Pat Griffen

Pat Griffen, founder of Against Abuse, said the nonprofit is happy to be providing services for the community. | View a video online at www.PinalCentral.com.

CASA GRANDE — For four decades, Against Abuse Inc. has been a source of safety, comfort, support and various services for victims of abuse throughout Pinal County.

This year marks the 40th anniversary of the founding of Against Abuse, a private, nonprofit social service agency that is dedicated to helping people better understand the nature and effects of family violence and the resources available to those who have been abused.

To commemorate its 40th anniversary, Against Abuse founder and Executive Director Pat Griffen sat down with PinalCentral for a Pinal Spotlight interview to talk about the organization’s accomplishments and its recent fundraising challenges.

She was joined by Against Abuse sexual assault victim advocate Kimberly Henry, who works directly with victims throughout the area.

Against Abuse maintains two domestic violence shelters, one in Casa Grande and another in Maricopa, providing housing for abuse victims.

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Among its other programs are:

  • Sexual assault services for men and women, including a 24-hour-a-day, 365-day-a-year crisis line at 520-836-0858, crisis intervention, education for survivors and their families, educational peer support, medical forensic exams accompaniment, assistance with compensation applications, emergency shelter and lay legal advice
  • Supervised visitation and safe exchange services at its La Paloma Center
  • Crisis counseling for individuals and groups that includes parenting, life skills and domestic violence education
  • An animal safe house network for the pets of abuse victims
  • A thrift store, which accepts donations, selling some items and using other items to help abuse victims rebuild their lives

“We’re happy to be here, providing these services for the community,” Griffen said.

Against Abuse Inc. was formed at a time when the Arizona Legislature decided to set aside a portion of marriage license and divorce decree fees to be used for domestic violence services.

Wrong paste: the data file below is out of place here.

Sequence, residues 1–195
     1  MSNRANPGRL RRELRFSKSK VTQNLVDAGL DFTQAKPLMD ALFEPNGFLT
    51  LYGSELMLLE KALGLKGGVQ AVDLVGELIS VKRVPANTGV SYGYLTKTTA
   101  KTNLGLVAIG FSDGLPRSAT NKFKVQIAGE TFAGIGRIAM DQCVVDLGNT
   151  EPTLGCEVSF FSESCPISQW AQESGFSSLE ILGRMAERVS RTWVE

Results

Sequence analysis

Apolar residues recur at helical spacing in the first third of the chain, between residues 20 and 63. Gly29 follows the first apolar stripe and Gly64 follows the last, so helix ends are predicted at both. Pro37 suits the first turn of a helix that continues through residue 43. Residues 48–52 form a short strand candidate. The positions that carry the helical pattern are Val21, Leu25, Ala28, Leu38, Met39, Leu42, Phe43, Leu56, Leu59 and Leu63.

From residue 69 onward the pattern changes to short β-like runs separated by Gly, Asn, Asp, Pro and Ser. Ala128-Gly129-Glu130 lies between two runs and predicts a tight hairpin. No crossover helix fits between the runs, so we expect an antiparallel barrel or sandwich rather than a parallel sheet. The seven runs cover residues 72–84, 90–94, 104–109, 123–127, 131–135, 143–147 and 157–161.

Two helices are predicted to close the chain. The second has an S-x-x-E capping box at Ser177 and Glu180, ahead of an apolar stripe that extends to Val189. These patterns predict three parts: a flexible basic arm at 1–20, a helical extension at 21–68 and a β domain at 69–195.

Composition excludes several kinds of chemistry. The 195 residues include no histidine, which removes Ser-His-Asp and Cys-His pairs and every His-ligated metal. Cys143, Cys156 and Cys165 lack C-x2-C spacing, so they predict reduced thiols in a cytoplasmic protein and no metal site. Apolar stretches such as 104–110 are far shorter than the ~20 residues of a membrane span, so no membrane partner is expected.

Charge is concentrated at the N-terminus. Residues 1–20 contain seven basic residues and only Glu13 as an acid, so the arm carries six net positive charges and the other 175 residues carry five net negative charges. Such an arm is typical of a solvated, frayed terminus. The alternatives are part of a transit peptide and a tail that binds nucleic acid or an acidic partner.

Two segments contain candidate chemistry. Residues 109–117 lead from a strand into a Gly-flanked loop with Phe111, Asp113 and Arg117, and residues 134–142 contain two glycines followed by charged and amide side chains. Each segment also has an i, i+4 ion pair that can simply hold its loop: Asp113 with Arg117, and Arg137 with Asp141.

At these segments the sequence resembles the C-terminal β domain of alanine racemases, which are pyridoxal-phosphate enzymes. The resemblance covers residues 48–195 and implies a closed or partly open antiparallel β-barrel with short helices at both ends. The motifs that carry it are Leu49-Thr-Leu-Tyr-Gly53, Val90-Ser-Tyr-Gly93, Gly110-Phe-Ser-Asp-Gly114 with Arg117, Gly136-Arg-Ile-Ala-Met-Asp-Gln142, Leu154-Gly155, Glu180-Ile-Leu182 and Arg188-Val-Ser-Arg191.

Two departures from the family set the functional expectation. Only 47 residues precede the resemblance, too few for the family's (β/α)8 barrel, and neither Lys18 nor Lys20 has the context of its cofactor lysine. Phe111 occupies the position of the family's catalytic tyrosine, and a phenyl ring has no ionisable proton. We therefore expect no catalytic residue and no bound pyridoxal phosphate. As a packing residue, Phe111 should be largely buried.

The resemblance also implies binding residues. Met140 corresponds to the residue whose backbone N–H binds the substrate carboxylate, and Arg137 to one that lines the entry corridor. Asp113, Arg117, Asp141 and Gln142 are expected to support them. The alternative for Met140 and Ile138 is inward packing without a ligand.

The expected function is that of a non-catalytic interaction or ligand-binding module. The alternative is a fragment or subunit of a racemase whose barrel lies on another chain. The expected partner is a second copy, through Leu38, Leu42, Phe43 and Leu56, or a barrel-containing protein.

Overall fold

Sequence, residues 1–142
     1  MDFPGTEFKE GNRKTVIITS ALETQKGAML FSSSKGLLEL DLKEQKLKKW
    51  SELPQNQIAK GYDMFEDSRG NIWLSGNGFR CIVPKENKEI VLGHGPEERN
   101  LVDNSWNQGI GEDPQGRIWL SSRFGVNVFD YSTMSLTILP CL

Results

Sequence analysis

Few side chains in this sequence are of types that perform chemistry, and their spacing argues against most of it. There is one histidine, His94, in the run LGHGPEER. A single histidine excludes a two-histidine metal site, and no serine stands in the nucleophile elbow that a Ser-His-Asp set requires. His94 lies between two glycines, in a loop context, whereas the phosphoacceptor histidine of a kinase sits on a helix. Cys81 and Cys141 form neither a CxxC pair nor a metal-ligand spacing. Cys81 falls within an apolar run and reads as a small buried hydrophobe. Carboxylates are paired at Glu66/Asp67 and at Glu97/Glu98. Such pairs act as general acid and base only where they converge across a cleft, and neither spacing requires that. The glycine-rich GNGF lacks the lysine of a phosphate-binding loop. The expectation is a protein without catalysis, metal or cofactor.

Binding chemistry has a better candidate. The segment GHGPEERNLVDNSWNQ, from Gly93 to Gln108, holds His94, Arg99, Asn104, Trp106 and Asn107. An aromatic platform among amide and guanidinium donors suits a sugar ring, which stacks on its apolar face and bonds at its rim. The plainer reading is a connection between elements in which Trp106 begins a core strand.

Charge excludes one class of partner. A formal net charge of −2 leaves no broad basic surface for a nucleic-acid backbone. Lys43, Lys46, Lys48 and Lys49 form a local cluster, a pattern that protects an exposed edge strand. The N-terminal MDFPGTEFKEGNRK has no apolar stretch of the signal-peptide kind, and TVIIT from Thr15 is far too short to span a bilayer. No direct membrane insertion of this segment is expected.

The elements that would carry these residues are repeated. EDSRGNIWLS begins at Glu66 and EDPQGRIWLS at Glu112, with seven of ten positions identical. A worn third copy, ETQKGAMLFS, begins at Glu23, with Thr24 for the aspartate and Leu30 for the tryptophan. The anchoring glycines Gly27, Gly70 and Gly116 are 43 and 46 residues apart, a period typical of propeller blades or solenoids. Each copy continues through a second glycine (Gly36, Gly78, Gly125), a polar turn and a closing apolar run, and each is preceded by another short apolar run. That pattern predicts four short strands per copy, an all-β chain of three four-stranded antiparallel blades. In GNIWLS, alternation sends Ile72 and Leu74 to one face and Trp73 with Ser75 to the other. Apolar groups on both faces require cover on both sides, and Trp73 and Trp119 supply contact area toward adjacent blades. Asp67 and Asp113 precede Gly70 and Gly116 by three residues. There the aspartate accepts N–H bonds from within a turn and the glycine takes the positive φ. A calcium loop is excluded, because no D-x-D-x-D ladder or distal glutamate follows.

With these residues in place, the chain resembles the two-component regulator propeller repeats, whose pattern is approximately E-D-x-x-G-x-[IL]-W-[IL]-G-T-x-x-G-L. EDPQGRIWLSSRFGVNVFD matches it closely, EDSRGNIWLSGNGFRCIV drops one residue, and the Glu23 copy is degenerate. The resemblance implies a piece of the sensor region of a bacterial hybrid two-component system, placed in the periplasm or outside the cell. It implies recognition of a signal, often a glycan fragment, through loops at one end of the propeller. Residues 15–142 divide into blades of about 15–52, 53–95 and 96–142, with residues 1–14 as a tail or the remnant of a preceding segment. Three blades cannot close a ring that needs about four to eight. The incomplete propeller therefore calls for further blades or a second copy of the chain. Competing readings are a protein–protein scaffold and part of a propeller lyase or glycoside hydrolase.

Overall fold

“We wrote a grant and got our first grant from the state Legislature about 40 years ago. And that’s how we came to be,” Griffen said.

Funds to support the organization come from a variety of sources.

“We have probably 29 different funding sources within the agency — all sorts of different grants — and wonderful donations from the community,” Griffen said.

The organization received COVID-19 grant funding to improve sanitation at the shelters.

But the pandemic also prompted Against Abuse to cancel one of its major fundraisers, Taste of Casa Grande, for two consecutive years.

“We hope that in 2022 we can do our 35th annual Taste of Casa Grande and have a big, big celebration. In Maricopa we have what we call the Seeds of Change gala and that’s on its 17th year of fundraising. That is happening in the later part of February in 2022,” Griffen said.

Money raised through the events helps fund Against Abuse services.

“There is only one Against Abuse,” Griffen said. “We have a staff of 50 of the most wonderful, dedicated people in the whole wide world. They have stayed with us throughout COVID.”

Henry, a mobile advocate with the organization, has been with the agency for two years, traveling to different spots throughout the county to provide services for sexual assault victims.

In a typical day, she responds to calls on the agency’s crisis line or from various hospitals or law enforcement agencies.

“Pinal County is vast,” she said. “A lot of the issues we have in Pinal County are related to transportation. Being a mobile advocate, I can respond anywhere in Pinal County for those who don’t have transportation and I can provide transportation when needed,” she said.

Statistics highlight the need for Against Abuse services, she said.

In 2020, the Pinal County Sheriff’s Office logged 282 reports of sexual assault, including 31 in which the victims were children, she said.

The Casa Grande Police Department reported 34 sexual assault offenses, Eloy Police Department reported 72 and Maricopa Police Department had 137 cases, Henry said.

“Banner Casa Grande Medical Center reported to us that so far in 2021 they have had 47 sexual assaults and nine strangulation (incidents),” Henry said. “Banner hospital is a wonderful partner.”

But one barrier the organization faces, she said, is that not all survivors of sexual assault report the crime to law enforcement.

“Because we don’t have accurate numbers (of unreported cases), it’s hard to say whether cases are on the rise or not,” she said.

Henry said she understands the fear and hesitation to report a crime that victims feel after they are sexually assaulted. She is also a survivor of sexual assault.

“I am blessed that I get to give back. I’m a survivor myself, so for me it is a privilege to help others and help them see that although this is a traumatic event, and it is difficult to see beyond today, there is hope,” she said.

Against Abuse, she said, is there for survivors when they are ready to reach out.

“I help them with ongoing services,” Henry said. “We are there as long as they need us. I like to tell them, ‘you’re driving the boat, I’m helping you navigate the waters.’”

For more information about Against Abuse, call 520-836-1239.

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Melissa St. Aude is the Arts & Entertainment editor at PinalCentral. She can be reached at mstaude@pinalcentral.com.

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